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October 19, 2013 · Posted in Legends  
    

Gravity

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If Alfonso Cuarón’s Gravity doesn’t make you catch your breath or feel your heart drop into your stomach at least once, Major Tom, you may as well cut your tether and float off into the void. You simply don’t have a pulse.

Cuarón and a bulging flight crew of movie magicians have crafted a suspense tale at once simple and spectacular, a straightforward story of survival that’s both visually stunning and viscerally gripping – and it clocks in at a satisfying 90 minutes, in itself something of a miracle in the current age of overstuffed blockbusters.

Sandra Bullock and George Clooney star as members of a NASA team making adjustments on the Hubble Space Telescope when a disaster in low orbit leaves them fighting for their lives. Following an awe-inspiring opening sequence in which the space-suited crew goes about its duties against the heady vertiginous backdrop of the earth spread out below, the moment in which hell soundlessly breaks loose is positively hair-raising.

With their shuttle destroyed and the rest of the crew dead, the two stranded astronauts find themselves free floating in a Newtonian nightmare in which coping with the laws of physics is almost overwhelmingly complex…and every effort only serves to further diminish an inexorably dwindling air supply.

It’s virtually impossible to separate this movie’s conventional camerawork from its CGI – Cuarón’s planning and the execution by his technical team are seamless and absolutely brilliant. Opening with a breathtaking 13-minute take that plants us convincingly in the middle of the action, the screen is filled with images that would have been impossible to achieve so credibly only a few years ago. In either the 3-D or standard versions, it’s a magnificent achievement.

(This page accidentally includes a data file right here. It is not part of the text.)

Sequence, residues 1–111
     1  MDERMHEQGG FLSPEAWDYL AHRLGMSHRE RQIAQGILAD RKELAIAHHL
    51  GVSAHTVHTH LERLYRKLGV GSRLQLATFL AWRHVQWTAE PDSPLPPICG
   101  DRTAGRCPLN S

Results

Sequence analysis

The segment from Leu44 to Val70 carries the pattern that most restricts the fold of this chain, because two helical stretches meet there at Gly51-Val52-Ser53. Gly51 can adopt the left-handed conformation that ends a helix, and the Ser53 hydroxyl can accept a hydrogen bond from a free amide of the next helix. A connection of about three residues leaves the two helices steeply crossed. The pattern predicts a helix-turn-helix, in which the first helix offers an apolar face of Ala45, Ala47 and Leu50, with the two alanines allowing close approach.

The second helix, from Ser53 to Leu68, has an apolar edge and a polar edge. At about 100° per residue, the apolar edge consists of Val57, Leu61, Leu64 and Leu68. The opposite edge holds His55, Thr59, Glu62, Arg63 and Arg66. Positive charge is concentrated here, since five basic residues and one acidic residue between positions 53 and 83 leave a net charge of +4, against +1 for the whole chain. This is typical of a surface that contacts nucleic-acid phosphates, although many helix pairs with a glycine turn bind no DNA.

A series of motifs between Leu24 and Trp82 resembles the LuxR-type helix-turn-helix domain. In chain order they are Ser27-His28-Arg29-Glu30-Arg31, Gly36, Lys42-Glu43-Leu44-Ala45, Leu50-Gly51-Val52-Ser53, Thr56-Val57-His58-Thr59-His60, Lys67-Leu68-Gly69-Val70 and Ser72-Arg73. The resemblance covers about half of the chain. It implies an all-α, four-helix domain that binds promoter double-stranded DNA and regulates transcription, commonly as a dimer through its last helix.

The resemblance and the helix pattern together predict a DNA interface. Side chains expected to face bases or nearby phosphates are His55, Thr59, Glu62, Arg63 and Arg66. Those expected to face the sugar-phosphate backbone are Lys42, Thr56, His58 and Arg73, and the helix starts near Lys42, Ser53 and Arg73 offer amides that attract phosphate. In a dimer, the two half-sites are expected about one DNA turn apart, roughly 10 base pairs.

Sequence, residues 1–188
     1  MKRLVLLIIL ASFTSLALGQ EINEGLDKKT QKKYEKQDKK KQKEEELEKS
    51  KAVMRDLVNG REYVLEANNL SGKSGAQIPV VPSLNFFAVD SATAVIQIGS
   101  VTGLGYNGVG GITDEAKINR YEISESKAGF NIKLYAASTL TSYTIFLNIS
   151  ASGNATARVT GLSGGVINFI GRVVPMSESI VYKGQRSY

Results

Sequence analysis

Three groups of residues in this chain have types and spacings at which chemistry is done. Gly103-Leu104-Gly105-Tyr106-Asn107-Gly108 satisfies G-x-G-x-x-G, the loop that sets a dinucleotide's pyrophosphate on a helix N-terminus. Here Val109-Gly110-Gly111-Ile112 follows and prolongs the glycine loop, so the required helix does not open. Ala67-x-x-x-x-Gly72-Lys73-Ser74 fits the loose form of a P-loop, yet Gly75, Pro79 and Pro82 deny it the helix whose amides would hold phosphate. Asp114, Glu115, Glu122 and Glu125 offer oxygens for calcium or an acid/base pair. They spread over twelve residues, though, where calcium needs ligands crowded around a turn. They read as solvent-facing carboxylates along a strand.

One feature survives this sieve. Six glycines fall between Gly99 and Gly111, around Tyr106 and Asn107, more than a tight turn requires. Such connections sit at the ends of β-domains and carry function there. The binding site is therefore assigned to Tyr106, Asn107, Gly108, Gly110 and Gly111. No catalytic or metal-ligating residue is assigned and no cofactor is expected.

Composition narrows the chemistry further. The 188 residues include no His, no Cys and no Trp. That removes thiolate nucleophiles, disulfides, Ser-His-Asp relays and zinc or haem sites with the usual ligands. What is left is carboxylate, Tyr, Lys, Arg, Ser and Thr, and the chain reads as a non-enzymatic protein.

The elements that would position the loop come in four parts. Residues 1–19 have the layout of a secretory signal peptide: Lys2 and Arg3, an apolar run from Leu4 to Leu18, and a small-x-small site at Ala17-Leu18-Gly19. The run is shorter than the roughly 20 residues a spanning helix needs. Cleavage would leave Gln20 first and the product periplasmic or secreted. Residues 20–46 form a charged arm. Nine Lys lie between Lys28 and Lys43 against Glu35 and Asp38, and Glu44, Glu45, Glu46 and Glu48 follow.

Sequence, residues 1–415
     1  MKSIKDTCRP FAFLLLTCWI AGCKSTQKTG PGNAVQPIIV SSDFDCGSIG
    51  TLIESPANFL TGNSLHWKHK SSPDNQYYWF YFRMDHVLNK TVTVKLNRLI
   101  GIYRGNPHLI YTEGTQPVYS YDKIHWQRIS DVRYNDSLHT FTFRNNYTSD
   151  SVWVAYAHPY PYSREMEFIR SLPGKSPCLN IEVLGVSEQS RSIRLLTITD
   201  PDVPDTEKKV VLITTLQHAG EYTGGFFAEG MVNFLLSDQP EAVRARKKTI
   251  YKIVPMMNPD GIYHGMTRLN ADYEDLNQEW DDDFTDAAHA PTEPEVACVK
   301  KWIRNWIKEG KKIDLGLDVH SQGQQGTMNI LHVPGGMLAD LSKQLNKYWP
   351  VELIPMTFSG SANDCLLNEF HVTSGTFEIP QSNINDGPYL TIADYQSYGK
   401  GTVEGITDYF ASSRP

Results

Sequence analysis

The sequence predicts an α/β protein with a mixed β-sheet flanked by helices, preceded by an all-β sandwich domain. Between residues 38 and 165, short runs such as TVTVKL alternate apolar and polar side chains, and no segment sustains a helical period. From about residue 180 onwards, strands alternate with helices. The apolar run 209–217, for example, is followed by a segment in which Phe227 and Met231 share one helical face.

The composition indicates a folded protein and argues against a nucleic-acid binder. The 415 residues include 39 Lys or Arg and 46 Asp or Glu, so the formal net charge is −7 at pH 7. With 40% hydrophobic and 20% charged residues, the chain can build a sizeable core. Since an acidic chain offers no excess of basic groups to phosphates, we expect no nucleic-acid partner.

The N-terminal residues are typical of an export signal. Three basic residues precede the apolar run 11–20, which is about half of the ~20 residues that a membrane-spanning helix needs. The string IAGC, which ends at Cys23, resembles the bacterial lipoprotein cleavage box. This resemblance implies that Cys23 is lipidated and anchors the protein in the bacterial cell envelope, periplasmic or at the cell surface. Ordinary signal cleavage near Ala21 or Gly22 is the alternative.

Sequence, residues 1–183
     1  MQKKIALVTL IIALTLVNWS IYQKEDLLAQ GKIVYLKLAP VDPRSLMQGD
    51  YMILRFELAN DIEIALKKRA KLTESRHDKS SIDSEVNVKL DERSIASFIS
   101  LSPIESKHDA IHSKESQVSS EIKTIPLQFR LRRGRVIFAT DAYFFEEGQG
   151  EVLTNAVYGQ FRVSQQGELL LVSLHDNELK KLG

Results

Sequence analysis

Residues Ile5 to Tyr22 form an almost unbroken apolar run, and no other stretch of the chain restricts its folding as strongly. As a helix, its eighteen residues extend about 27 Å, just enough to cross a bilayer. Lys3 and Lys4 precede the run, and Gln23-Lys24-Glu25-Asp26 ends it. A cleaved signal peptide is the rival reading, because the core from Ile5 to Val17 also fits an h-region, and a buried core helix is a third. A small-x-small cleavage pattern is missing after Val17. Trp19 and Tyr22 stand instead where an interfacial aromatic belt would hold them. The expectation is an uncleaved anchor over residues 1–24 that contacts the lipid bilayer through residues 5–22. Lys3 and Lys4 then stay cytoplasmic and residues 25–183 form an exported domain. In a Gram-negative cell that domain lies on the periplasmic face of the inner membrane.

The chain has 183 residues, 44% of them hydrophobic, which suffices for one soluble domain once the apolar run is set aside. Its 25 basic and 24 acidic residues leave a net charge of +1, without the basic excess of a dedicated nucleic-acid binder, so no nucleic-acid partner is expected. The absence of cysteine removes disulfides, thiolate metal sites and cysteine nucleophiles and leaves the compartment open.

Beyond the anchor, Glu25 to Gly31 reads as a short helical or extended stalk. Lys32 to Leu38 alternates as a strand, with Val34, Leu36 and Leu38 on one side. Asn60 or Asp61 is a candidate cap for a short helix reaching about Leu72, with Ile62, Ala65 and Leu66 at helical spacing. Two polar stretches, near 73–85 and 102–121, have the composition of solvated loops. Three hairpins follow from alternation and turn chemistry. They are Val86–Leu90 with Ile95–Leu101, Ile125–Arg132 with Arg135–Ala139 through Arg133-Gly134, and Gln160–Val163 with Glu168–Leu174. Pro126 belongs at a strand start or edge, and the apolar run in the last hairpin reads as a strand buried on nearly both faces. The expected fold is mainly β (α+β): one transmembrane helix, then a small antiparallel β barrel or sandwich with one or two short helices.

The script, by Cuarón and his son Jonás, is a beautifully understated piece of work. An impressive amount of it dares to do away with dialogue completely, choosing to let the silence of space carry the moment. Otherwise, it’s mostly devoted to utilitarian chatter and a few understandably desperate exchanges, all aimed at keeping the issue of survival front and center. Only one scene, in which we learn something about the background of Bullock’s character, seems extraneous…but Bullock plays it with such conviction that it’s a minor distraction at most.

Clooney brings his trademark regular-guy star power to the role of veteran astronaut Matt Kowalski, a part originally intended for Robert Downey Jr. It’s still possible to hear vestiges of Downey’s quick-riffing bravado lingering in some of the lines, but Clooney makes the role his own, infusing it with warmth and low-key naturalistic heroism. It’s a fine performance and a generous one, Clooney choosing to quietly play his role to the hilt while allowing Bullock to remain at center stage throughout.

As first-time space traveler Ryan Stone, Bullock dominates the film. An engineer who’s uncomfortable in space to begin with, Stone spends much of the movie in a state of near-panic or worse. But far from being a typical movie heroine in distress, Ryan Stone is our POV character. Her panic is ours, starting from the moment the disaster sends her spinning off into space without warning, hands clutching reflexively and eyes searching frantically for anything to focus on. We struggle alongside her, hoping our own air will hold out, as she falls back on her training to find a way home. Bullock’s work here is wonderfully satisfying, an utterly relatable dramatic turn whose impressive physicality and sheer humanity prove to be as essential to Gravity’s success as Cuarón’s groundbreaking visuals. Hers is a magnificent achievement, too.

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October 5, 2013 · Posted in Now Playing